Beach bag thief turns out to be over-stayer

| 30/04/2019 | 62 Comments
Cayman News Service

Police on Seven Mile Beach

(CNS): A 30-year-old Jamaican man who pleaded guilty to stealing a visitor’s bag from the beach is to be deported after also admitting to overstaying in the Cayman Islands. The thief was tracked down last week after police officers on foot patrol along Seven Mile Beach were alerted to the theft, which happened while the owner was swimming in the ocean. Officers pursued a man behaving suspiciously in the area but they did not catch him. Instead they turned to CCTV from the area and other relevant information from the community.

That led the community police to an address on Powell Smith Drive in West Bay, where the stolen bag was recovered. The man living at the address was arrested on suspicion of theft, and once he was in custody officers discovered he was overstaying and contacted the border control agency.

After obtaining and executing a search warrant for the residence, the police also found and recovered more stolen items that had been inside the woman’s bag.

After the man came clean about the theft and his immigration status, he was cautioned and sentenced to deportation and is expected to leave the island shortly.

Robert Graham, Superintendent of Uniform Operations, said the case showed how important cooperation across the community is in tackling crime.

“This case shows that keeping our beautiful beaches theft-free is a group effort,” he said.

“Thanks to the immediacy of the initial report from the visitor and the information received from the community, CPD officers were able to track the offender, make an arrest, recover stolen property and identify a separate immigration offence. This is a good example of the kind of enforcement we can deliver together,” Graham added.

Tags: , , ,

Category: Border Control, Crime, Police

Comments (62)

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  1. Anonymous says:

    Don’t worry, after this they’ll announce another amnesty to let overstayers get off scot-free.

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  2. Anonymous says:

    Just curious, what system has immigration in place to check whether people left the Island once their permit ran out? How frequently do they track down overstayers? What happens if someone is leaving through the airport after overstaying? Are they then banned from re-entry for x amount of years?

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  3. Say it like it is. says:

    Unfortunately I have to repeat myself. There are no doubt some bad Jamaicans, but there are also some bad Caymanians, please remember that Jamaicans helped build this country, despite in many cases being very badly treated by their local employers.

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  4. Anonymous says:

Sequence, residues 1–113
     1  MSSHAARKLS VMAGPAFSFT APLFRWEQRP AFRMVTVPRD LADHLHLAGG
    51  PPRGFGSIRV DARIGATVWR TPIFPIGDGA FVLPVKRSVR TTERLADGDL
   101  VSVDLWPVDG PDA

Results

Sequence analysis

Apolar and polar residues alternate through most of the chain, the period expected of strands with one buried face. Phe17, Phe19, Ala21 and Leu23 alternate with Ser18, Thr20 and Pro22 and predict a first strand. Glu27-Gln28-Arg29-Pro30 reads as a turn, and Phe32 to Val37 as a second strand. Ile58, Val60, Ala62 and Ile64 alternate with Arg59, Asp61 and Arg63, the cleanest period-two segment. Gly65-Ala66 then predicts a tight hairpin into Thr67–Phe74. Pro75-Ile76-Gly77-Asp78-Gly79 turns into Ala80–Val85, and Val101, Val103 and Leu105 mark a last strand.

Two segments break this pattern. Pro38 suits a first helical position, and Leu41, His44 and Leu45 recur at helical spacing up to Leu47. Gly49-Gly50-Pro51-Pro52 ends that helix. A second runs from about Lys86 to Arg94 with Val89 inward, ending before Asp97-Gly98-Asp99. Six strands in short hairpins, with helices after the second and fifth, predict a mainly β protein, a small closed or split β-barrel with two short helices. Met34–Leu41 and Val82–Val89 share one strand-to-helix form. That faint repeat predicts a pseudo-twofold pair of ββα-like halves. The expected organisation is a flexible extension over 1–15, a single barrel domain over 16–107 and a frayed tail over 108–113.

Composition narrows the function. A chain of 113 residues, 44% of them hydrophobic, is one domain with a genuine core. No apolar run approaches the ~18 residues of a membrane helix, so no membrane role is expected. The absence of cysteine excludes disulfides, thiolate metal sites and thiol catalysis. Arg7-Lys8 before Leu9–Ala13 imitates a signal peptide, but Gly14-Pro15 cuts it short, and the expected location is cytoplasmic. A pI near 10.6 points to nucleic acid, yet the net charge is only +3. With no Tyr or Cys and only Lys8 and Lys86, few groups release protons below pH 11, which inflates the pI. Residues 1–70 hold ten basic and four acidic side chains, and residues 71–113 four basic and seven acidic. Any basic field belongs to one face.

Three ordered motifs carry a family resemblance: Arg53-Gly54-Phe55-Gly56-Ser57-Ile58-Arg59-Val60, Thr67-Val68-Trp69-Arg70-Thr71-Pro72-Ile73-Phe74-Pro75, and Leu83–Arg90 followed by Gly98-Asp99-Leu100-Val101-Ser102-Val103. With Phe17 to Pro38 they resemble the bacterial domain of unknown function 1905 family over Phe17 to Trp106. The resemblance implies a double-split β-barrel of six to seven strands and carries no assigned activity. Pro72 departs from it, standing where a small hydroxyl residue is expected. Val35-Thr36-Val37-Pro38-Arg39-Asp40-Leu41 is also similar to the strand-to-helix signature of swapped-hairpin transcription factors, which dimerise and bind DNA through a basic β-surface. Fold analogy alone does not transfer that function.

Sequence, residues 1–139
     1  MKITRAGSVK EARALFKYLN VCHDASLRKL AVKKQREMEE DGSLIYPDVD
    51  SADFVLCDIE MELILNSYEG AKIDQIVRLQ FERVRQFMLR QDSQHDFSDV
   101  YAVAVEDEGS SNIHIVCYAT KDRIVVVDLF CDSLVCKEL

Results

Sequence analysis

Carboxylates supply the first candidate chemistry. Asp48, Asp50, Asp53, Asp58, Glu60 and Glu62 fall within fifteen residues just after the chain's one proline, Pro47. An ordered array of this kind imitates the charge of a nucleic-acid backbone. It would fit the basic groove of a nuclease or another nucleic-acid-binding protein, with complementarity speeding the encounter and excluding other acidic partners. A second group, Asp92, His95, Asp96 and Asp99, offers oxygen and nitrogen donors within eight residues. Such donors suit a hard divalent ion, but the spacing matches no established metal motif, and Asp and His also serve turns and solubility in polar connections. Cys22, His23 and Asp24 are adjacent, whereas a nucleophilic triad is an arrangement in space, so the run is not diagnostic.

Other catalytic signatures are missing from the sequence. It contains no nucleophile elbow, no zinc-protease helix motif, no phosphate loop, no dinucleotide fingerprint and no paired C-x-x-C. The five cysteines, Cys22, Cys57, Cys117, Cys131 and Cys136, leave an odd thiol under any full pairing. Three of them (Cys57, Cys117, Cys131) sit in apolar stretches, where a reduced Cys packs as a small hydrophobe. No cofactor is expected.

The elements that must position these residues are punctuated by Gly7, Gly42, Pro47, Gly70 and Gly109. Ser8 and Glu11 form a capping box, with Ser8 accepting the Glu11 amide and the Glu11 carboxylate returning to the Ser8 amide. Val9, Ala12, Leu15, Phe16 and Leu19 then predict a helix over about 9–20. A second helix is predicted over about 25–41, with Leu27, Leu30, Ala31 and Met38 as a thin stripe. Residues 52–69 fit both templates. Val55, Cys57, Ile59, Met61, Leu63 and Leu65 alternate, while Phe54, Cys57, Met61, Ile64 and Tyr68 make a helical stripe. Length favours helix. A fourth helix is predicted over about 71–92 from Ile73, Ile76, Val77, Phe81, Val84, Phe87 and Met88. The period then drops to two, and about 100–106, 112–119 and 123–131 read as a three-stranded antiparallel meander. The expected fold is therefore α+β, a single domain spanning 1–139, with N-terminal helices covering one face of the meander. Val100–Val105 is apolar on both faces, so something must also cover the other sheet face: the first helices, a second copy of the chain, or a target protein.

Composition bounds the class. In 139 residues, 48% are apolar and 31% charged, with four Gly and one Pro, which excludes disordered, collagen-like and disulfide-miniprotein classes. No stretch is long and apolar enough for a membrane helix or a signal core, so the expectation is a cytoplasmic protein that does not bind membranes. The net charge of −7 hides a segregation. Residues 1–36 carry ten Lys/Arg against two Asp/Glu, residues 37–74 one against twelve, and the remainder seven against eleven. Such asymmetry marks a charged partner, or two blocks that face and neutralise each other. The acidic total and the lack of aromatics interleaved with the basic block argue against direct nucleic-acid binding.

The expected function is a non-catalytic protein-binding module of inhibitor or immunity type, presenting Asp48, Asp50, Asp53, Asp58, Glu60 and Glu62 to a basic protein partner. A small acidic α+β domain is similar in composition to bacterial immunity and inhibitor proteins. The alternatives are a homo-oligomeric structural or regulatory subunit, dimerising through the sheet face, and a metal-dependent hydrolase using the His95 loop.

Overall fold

so am i missing something here… the police are not saying anything about prosecuting the criminal for the multiple offenses here like the thief !!!!! he should have been arrested correct !!!! once he is tried and sentenced for his offences then you deport him to serve his prison term in Jam

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    • Anonymous says:

      Then he stays here on Cayman’s dime for months or years while it drags on through the court process. Better to deport him now.

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  5. Bertie : B says:

    For sure he will be back , and very Soon . Gov should set up a confidential reward system where people that know him or many others , one phone call and the cash is yours .This could save a lot of money in trials and jail time . Somebody gonna be pissed of at these people and would be happy to get paid for dropping a dime . But payment Must be in cash ! No record of it on paper .

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  6. Anonymous says:

    Another Jamaican criminal. Surprise surprise! If we don’t stop allowing them entry we will end up like Jamaican soon.

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    • Anonymous says:

      This is why immigration needs to halt the giving out of permits. Let the existing ones begin to expire and reduce the number of foreign workers.

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    • Anonymous says:

      The demographic make up of our society, the propensity to outside children in significant numbers, and the lack of enforcement of controls may make that reality arise soon. Part of the problem is a general lack of enforcement – as evidenced by the fact that the last four criminals reported on this website all seem to have overcome the now totally ineffective barriers to entry. Each comes from a different country (not just Jamaica).